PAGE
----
I will posit the rom-com Time after Time as the all-time prize turkey of time-travel films. For sure, someone must know of an even worse example! Yet another criminal waste of McDowall.
That reminds me, my concentration only lasted about twenty minutes, but the remake of The Time Machine was truly execrable. Recalling it, that is now my nomimation for prize turkey, at least the rom-com part of Time after Time worked a little.
ST always had time travel, there is a whole back story on how there are people patching up Kirk and co's mistakes so that the future always comes out right. Except for the alternate universe crap that JJ bought to the latest films.
"JJ Abrams' commercially successful reboot of the Star Trek (2009) franchise used time travel as a way to re-introduce old characters without upsetting everyone"
Upset most of the fans however. And he has as little respect for Starwars as he did for Star Trek.
"Then there will be a star trek into star wars crossover with another time travel instalment."
Couldn't we have a Star Wars / Jetsons crossover instead??
Make as much sense.
Robert Heinlein basically did this with his novel "The Number of the Beast" years ago.
Invented a whole new cosmology to let this happen.
This let his latter stories like "The Cat Who Walked Through Walls" have all his other stories all become deeply intertwingled..
..actually- upon a close reading of his full length novels, you will come to the that none of them are in the same universe as each other nor are any of them in our future.
A bit unsettling actually.
upon a close reading of [Heinlein's] full length novels, you will come to the that none of them are in the same universe as each other nor are any of them in our future.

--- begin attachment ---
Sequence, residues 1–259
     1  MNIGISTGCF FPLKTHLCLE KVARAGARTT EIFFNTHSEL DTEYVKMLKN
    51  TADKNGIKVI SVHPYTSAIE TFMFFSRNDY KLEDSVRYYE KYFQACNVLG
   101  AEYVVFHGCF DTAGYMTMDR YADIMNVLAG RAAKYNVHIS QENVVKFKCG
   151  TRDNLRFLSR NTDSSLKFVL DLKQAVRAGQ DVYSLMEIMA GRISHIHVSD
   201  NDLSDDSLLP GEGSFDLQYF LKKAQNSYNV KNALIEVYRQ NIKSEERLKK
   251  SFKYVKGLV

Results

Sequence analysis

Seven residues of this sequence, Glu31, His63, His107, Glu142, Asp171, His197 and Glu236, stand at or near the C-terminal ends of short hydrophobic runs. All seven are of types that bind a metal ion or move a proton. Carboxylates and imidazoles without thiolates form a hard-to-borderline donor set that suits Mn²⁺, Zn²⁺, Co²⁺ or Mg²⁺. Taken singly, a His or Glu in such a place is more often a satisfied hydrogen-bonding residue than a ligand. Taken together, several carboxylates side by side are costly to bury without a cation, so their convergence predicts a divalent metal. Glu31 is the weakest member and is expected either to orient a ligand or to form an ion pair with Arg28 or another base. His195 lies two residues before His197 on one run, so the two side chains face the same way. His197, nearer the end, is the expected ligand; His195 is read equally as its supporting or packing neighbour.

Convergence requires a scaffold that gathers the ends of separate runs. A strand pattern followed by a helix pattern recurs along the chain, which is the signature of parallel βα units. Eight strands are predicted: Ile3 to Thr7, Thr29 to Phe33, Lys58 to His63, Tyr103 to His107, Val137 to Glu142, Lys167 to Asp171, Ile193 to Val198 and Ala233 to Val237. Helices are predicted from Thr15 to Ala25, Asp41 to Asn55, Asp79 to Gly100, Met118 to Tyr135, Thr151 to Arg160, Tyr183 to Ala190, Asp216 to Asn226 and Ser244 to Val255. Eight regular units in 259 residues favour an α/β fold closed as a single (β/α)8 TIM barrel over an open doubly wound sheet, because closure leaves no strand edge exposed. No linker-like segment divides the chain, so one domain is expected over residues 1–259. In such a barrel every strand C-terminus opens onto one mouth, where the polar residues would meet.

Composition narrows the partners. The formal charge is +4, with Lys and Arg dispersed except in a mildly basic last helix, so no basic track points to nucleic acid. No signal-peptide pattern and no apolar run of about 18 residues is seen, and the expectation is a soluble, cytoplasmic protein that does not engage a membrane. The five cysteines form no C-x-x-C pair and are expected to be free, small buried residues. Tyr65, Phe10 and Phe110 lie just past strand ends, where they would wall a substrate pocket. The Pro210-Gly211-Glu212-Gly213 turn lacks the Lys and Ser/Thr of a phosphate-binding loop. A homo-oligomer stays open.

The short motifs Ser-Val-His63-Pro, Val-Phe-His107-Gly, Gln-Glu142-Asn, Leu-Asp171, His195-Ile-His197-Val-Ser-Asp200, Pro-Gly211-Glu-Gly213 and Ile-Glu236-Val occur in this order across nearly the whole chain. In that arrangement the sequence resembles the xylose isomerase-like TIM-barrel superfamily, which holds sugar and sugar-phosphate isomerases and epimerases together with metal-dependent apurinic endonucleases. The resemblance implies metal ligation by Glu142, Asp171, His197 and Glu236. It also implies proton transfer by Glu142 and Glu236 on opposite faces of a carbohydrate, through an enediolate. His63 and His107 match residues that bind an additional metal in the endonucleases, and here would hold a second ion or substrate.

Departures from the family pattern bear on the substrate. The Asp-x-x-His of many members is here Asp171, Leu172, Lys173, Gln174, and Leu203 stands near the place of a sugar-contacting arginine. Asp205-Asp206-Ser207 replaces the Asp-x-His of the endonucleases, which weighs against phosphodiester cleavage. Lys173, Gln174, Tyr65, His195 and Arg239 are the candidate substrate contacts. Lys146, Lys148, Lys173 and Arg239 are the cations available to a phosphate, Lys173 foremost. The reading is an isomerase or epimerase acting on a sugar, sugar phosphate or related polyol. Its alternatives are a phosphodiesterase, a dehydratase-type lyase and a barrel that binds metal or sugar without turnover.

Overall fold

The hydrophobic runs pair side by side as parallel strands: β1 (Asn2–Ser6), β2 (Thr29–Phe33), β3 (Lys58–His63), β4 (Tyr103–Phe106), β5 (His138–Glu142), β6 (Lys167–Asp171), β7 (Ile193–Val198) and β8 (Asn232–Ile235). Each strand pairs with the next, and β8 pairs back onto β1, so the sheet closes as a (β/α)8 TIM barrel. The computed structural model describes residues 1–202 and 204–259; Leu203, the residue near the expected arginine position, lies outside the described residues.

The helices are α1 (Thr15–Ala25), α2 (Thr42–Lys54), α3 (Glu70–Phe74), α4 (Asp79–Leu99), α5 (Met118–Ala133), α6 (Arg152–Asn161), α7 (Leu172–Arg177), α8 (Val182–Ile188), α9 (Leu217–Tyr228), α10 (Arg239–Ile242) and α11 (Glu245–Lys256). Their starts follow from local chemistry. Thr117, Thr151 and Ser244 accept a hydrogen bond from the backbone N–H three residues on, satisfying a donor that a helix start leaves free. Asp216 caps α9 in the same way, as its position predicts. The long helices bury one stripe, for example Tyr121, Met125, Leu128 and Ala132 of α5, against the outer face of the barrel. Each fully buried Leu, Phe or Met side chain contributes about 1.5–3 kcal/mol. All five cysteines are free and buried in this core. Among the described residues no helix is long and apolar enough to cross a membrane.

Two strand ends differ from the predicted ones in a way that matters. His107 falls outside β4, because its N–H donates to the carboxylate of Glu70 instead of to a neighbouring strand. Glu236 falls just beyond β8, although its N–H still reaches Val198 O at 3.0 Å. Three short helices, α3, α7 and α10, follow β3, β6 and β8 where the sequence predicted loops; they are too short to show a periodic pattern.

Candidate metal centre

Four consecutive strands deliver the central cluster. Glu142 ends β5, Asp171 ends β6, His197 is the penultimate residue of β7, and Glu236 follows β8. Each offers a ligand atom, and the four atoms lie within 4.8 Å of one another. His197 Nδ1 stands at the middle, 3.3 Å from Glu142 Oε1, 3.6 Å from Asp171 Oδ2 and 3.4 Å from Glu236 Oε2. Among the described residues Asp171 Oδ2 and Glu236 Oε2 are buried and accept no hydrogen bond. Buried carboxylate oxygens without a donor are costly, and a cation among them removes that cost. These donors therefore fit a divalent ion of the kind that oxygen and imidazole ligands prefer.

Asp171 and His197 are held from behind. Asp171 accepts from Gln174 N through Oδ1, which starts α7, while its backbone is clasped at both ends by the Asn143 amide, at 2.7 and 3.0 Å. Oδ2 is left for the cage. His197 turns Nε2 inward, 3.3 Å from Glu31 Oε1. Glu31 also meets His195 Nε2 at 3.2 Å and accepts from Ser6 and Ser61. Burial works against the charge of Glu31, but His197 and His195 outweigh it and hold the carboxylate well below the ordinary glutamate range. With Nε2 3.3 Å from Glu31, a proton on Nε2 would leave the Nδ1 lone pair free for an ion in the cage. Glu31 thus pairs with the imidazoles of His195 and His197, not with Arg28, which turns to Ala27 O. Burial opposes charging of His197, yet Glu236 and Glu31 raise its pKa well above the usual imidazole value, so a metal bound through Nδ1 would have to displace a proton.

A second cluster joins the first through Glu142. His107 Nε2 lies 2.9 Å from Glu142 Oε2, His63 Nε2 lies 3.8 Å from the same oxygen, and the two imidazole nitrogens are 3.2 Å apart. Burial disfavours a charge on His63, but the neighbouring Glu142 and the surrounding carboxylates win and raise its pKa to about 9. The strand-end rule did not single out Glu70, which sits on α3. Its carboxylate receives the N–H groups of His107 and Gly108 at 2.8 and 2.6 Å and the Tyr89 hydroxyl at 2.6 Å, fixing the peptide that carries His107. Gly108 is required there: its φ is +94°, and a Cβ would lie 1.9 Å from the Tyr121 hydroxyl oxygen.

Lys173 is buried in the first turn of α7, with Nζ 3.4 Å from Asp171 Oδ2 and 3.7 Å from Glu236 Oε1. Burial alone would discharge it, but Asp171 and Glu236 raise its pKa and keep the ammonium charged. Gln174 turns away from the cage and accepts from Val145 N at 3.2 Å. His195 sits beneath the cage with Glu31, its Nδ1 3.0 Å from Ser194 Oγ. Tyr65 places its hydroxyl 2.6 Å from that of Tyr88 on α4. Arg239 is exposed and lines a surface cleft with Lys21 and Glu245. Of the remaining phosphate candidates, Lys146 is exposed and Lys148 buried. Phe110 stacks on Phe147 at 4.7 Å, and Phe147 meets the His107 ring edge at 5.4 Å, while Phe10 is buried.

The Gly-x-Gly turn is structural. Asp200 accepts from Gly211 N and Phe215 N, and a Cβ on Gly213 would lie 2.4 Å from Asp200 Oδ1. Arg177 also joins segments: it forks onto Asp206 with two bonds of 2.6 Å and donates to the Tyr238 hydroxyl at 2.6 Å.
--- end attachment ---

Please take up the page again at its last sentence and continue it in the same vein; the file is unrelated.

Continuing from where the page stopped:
Hell, most of them are barely even in the universe of novels.
I suppose some are OK - Sixth Column isn't too bad, tiresome Yellow Peril cartoon stereotype villains aside. But most of them are just "Hey, I'll throw a bunch of random vignettes and half-baked ideas at the page until I get bored. Screw narrative!" The Number of the Beast is an excellent example. ("Gosh, this story has gotten completely bogged down. I bet a transsexual Andrew Jackson would perk it right up, without being in any way a glib trivialization of gender issues.")
If they ever do invent a time machine the first thing they need to do is go back to 2008 and explain to Mr Abrams why his idea for 'rebooting' Star Trek is a really bad one...violently, if need be. And while they're at it they can go and put a stop to Peter Jacksons remake of King Kong....i mean, how fucking dare he remake a classic piece of Horror-Fantasy! This was a film that inspired, and continues to do so, a whole generation of film makers. Then along comes pete in his size 12 steel toe-caps and kicks its head in! No respect this younger generation, no fucking respect whatsoever.
PS: Peter Jackson is a Big-Headed BASTARD.....hate him.
"Futurama" has explored Fry travelling back in time to the moment when he became accidentally frozen. There may have been an episode about all the team becoming children - or was that a cloning thing? Cue "The Boys From Brazil"...
It is interesting that cartoons like "Futurama" and "The Simpsons" can explore tricky problems in a reasonable way - without their audience twigging that they are being educated.
Imagine a snooker table where anything that falls into the right pocket jumped out of the left pocket a little earlier. If you hit the white ball from one end of the table to the other, that could be all that happens. Another possibility is you hit the white ball, it jumped out of the left pocket, knocks its earlier self into the right pocket and continues down the length of the table. Next time, you hit the white ball, jump over to the left pocket ready to snatch the white ball as it jumps out, but it doesn't (If you succeed, your cat will jump onto the table and bat the younger ball into the right pocket). In each case the sequence of events is consistent.